November Birth and Death

In my half century (plus three) of life, I have seen many ghosts. When I was a child they would appear beside my bed, with questioning looks on their faces, hands held out as if they were asking me for something. Later, after my maternal grandfather died, he also visited my bedside, I think just to say goodbye. He also spoke to me a few days after he died, as I was driving a little too fast; he said, “Slow down, Suzy”, calling me by the nickname he used for me when I was little. Years later, after my husband’s father died and we were there in his house, closing it up and preparing to sell it, I saw him twice, once asking me for a drink (he died an alcoholic) and once to tell me to get out. He didn’t like people prying into his things, even if he was dead. And now, in the old house we live in, a previous owner who died here makes her presence known, although I’ve not seen her. I have seen, however, a man standing in the kitchen doorway several times, and once, a little boy.

See the face on the tombstone?

See the face on the tombstone?

Not too long ago I went to the local cemetery to photograph the grave of the previous owner I mentioned earlier, the one we have not seen, and as I took the picture I mentally invited her to show herself in the photo. When I got home and looked at the pictures, I was disappointed that there was no image of her. But looking closer at the tombstone of her husband next to hers, I saw an image of the face of a man wearing a hat similar to the one the man I had seen in the kitchen doorway wearing. I would not be surprised to discover that the little  boy I’ve seen was a child of theirs that died young.

With all of these disembodied spirits wandering around, you’d think the dead guy I fell in love with would show up. I’ve certainly looked for him enough, held doors open for him, invited him into my lucid dreams…wrote my first book about him. Mais non, he hides himself as he hid from the world of the Belle Epoch, his time, in his cork-lined room, eating croissants, drinking gallons of coffee and writing In Search of Lost Time. November is his death month, on the 18th, but in 1913, nine years before his death in 1922, his novel was born, or at least the first book of it- Swann’s Way. This year of 2013 is the 100th anniversary of it’s publication.

This stamp is a little bit creepy.

This stamp is a little bit creepy.

Lovers of Marcel Proust and In Search of Lost Time pledged themselves, in this 100th year anniversary, to a Year of Reading Proust. This would be the year that they finally read that greatest of all novels, that magnum opus with the famous long sentences and even more famous madeleine scene. All over the world, in book clubs, on Goodreads, in private homes (in cork-lined rooms?), folks signed themselves up and gave themselves a year in which to do it.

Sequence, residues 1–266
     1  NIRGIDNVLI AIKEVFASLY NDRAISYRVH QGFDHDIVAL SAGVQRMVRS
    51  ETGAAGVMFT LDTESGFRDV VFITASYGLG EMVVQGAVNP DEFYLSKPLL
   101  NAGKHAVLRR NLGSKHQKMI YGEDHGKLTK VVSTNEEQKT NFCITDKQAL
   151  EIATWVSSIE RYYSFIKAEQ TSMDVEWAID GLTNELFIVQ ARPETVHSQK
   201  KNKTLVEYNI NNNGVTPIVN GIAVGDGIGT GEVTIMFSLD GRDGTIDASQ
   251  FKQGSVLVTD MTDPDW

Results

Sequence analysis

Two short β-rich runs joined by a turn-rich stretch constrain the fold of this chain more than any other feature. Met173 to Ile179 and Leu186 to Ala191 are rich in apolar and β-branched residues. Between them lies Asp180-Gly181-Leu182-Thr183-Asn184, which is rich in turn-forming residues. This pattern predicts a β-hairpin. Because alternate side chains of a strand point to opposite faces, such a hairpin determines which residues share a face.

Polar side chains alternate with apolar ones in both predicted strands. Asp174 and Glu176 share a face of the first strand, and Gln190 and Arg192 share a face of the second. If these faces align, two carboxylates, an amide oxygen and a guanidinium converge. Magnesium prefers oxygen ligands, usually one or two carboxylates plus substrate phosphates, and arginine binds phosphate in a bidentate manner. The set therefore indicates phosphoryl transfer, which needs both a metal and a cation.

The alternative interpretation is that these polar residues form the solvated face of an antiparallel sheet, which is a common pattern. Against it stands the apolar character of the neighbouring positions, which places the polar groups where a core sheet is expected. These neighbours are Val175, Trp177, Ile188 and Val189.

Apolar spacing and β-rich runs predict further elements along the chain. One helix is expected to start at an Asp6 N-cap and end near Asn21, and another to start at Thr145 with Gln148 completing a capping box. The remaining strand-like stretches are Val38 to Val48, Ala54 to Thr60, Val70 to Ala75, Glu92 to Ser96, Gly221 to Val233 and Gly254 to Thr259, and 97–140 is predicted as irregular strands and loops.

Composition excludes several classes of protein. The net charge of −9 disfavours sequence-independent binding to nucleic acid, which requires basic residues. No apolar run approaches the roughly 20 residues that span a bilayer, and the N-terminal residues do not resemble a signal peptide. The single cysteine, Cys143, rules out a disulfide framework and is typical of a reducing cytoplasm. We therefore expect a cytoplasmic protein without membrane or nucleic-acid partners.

Now here we are with November half over, so only a month and a half left to finish. I am curious about the percentages: how many of those who set themselves to doing this will actually finish, how many are on track, how many hating it but determined to finish, how many, like me, loving it and after finishing it, turning around and reading it again, along with every other book by Proust or about him and anything else related to Marcel that I could get my hands on? In fact, I just finished Proust’s Overcoat, a small book by Lorenza Foschini that tells the true story of a man who collects as much Proust paraphernalia, some years after Marcel’s death, as he can get his hands on, with the piece de resistance being the overcoat that Marcel practically lived in and literally slept in- he used it as a blanket. Reviewers of Proust’s Overcoat on Goodreads used words like “crazy”, “obsessed” and “fanatic” to describe the collector’s zeal; if it were me, I’d use words like “yes”, “yes”, and, “hell yes”.

Alas, on not having the money to become a crazy, obsessed fanatic for collecting Proust’s things, and because the ghost of my writer has not  appeared in my life or in my dreams, I turned to creating my own Proustian reality in my book, Parisian by Heart. And if you were one of those who said “this is the year I finally read Proust!” but alas, fell short of your goal, may I suggest that as a consolation, you read my book.  Like In Search of Lost Timeit deals with the persistence of memory, the continuation of life past death, and although it is not a very long book, it does have some long sentences. There are a few ghosts as well, seen and unseen, and best of all there is Marcel Proust, in search of lost…well, you have to read the book to find out.

Parisian by Heart

Parisian by Heart


Swann’s Way~Overture